Glory by NoViolet Bulawayo

This is a story as old as time and quite simple in a way. A dictator becomes old and so his wife steps in and starts to give speeches in his place and tell everyone what he is thinking and wants.

. . . because it follows that one problem femal, by nature generally implies a whole hornet’s nest of them whether they are visible to the naked eye or they’re hidden to the naked eye, Hallelujah!’


The others in the party who are also powerful don’t like this and so Generals get together and decide who will take over. This future leader is advised to leave the country and then to return as a conquering hero ready to change the world with #freefairncredibleelections.

The election takes place but towns and villages vote for someone that the Generals have not chosen and so they are fixed to allow the ‘right’ person to win much to the shock of everyone. He’s from the same party as the old leader so why should anything different be expected.

‘You call this fool, this criminal, this genocidist, this perfect idiot, a president, Mother of God?’


The ruling party then set about pillaging and plundering and become incredibly rich – so rich they don’t really know what to do with their money. And then the powercuts and water shortages arrive, all whilst the leader is out and about tapping the west for money, whilst Doctors go on strike for pay and justice. Queues start and at first everyone does this politely, it soon descends into a scrum with people blaming those from other ethnic groups for the troubles and before you know it there are riots and looting and the internet is shut down. And so it repeats itself all the while with huge expectations and the belief that change can happen from the population.

This is the story of Mugabe’s downfall in Zimbabwe and what happens thereafter but the story is made more generic by not naming politicians or even having them as humans but replacing them with animals or ‘mals’. So the Father of the Nation is a horse and his wife is a donkey or maybe even an ass, the security police are slathering dogs and the peoples of the nation are a whole host of animals. With this anthropomorphism comes some of the humour in the book and some of the savage critiquing ‘Even a hyena has clean patches on its anus.’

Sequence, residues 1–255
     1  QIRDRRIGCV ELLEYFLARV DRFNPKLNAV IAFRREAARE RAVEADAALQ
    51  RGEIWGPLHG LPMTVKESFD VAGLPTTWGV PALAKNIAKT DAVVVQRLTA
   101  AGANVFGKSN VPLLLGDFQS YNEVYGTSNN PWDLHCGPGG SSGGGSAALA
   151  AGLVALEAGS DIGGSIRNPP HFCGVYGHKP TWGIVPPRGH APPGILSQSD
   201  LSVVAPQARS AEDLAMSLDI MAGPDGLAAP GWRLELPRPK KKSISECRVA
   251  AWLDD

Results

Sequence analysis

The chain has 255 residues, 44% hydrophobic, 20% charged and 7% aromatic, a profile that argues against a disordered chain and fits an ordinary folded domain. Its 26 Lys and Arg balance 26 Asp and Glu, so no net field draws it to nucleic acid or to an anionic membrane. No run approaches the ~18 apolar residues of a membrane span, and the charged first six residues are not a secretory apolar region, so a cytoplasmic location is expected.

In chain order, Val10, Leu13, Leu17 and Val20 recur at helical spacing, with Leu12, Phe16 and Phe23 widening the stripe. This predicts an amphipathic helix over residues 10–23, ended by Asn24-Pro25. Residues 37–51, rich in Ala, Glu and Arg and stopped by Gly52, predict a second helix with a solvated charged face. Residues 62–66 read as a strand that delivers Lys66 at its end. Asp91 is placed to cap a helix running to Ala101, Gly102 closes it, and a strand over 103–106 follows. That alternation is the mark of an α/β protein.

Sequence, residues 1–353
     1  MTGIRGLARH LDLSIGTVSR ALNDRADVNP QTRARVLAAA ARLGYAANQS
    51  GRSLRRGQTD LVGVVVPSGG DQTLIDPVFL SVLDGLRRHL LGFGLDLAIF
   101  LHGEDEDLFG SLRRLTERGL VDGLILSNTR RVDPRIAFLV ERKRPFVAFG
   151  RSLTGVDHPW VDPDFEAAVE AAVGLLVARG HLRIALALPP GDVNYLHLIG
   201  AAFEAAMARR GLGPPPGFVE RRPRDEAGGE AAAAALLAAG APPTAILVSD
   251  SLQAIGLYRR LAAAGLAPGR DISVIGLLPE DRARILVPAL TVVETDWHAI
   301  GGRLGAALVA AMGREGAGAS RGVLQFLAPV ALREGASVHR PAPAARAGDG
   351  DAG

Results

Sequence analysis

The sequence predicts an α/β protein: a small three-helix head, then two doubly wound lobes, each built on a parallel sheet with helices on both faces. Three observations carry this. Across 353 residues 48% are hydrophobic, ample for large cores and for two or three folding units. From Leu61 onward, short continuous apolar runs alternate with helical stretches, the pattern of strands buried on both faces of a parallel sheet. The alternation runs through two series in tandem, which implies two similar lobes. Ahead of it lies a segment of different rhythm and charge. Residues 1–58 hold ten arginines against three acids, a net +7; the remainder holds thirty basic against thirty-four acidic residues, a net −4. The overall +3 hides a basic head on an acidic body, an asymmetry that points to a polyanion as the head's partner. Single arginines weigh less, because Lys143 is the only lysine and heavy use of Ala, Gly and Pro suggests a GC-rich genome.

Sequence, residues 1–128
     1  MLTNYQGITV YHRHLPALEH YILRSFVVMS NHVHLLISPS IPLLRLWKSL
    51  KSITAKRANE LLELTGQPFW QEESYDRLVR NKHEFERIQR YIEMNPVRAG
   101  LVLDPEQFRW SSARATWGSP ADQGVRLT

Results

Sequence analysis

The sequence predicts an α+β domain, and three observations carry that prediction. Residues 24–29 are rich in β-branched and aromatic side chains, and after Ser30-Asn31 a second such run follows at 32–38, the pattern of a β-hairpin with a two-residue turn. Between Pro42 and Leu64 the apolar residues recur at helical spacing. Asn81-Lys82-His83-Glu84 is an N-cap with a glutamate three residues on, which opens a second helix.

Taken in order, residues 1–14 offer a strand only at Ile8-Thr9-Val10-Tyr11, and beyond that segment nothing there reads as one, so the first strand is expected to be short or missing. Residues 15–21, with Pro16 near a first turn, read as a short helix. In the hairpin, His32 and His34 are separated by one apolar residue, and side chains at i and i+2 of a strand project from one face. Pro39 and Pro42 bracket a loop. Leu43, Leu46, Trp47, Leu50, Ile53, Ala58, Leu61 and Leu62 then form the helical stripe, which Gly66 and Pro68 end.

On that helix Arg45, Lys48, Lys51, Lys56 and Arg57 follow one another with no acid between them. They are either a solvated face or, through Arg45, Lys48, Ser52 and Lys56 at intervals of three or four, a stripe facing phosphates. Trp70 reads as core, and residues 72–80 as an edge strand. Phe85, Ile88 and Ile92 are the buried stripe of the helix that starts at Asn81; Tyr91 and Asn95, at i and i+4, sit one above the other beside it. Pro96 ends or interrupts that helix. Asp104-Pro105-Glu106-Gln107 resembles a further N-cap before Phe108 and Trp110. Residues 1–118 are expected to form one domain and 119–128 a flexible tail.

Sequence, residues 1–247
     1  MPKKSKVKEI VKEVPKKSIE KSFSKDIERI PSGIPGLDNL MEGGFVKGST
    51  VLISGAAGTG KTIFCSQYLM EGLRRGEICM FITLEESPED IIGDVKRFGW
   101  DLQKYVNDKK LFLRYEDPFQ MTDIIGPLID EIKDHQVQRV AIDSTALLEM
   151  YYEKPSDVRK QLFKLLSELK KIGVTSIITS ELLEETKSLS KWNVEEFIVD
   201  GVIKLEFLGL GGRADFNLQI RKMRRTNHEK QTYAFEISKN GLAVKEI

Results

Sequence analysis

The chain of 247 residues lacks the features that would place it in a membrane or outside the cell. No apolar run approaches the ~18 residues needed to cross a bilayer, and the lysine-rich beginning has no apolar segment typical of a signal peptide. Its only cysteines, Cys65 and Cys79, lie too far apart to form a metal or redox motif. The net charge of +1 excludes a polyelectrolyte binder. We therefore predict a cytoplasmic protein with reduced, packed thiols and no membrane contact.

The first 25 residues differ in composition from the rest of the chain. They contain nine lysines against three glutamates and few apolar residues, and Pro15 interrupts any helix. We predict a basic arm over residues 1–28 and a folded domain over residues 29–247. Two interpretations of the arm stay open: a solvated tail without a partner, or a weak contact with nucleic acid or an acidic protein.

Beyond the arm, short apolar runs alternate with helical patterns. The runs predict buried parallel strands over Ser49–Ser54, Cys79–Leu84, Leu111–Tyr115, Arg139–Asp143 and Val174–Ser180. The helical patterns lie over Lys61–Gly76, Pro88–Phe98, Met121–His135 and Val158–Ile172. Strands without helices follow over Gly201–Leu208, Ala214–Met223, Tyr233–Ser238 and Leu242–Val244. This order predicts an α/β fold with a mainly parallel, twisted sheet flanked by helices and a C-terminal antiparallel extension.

There are elements of this book that apply to other countries – who do we know who has shut down the internet? Blamed other ethnic groups for the problems? Become incredibly rich as the leader of a country? Surrounded themselves with yes men? Caused problems for those that disagree with them? I would say that for several leaders of countries this book is all too close for comfort and that is its power.

The story is written as a fable because how do you write about atrocities and genocide and still retain the bigger picture of history repeating itself. As one chapter is entitled ‘Past, Present, Future, Past’, it is so hard to pull yourself out of the status quo, the acceptance of how it is because it has been worse and because you have found a way to work around the current difficulties and generational traumas. The story is narrated by and held together by women. They are ridiculed and blamed but not pushed out of the picture and still violence is used against them as a weapon of suppression and oppression and to talk of animals is to make it slightly more bearable, slightly more possible to tell about something that can barely be spoken.

In places the book exaggerates to highlight the ridiculousness – there is the Minister of Things, the Minister of Disinformation, The Minister of Propaganda, the Minister of Order and the way in which the leader falls in love with Siri because she never answers back or contradicts him like his wife does. The word play is excellent – animals hind when they pull themselves up to their full height and they cross their paws and verbs are chosen for their use about animals such as the familiarity of a goat being tethered to her cousin. I just loved the idea that leadership is not ‘sexually transmitted’. (It puts me in mind of the Clintons not just African or Argentinian leaders.)

Part of the humour is found in the fact that elements and opinions of the population are told through social media posts with POTUS being called @bigbaboonoftheUS, the use of hashtags, soundbites and the portrait of a defender of the revolution (dog) as a biography. These are really clever uses of different text types to tell the story.

The writing is sublime, the sentences often having a repetition of words or phrases that are like spells or chants

. . . Old Horse was finally failing at last. And so, families and friends came together and celebrated. Sworn enemies touched heads and celebrated, Complete strangers stood with each other and celebrated. Supporters of both the Opposition and the Party of Power came together and celebrated. The ailing rose healed from their sickbeds and celebrated. The old and the young stood side by side and celebrated. Animals of all faiths came together and celebrated. The poor and the rich broke bread and celebrated.

But it was still a complicated joy . . .


This is a remarkable book and it is such a shame that it didn’t make it to the shortlist for the Women’s Prize for Fiction. I would have put it there instead of Black Butterflies by Priscilla Morris. I do think Glory could have been shortened – it is a little long in places but that is all.

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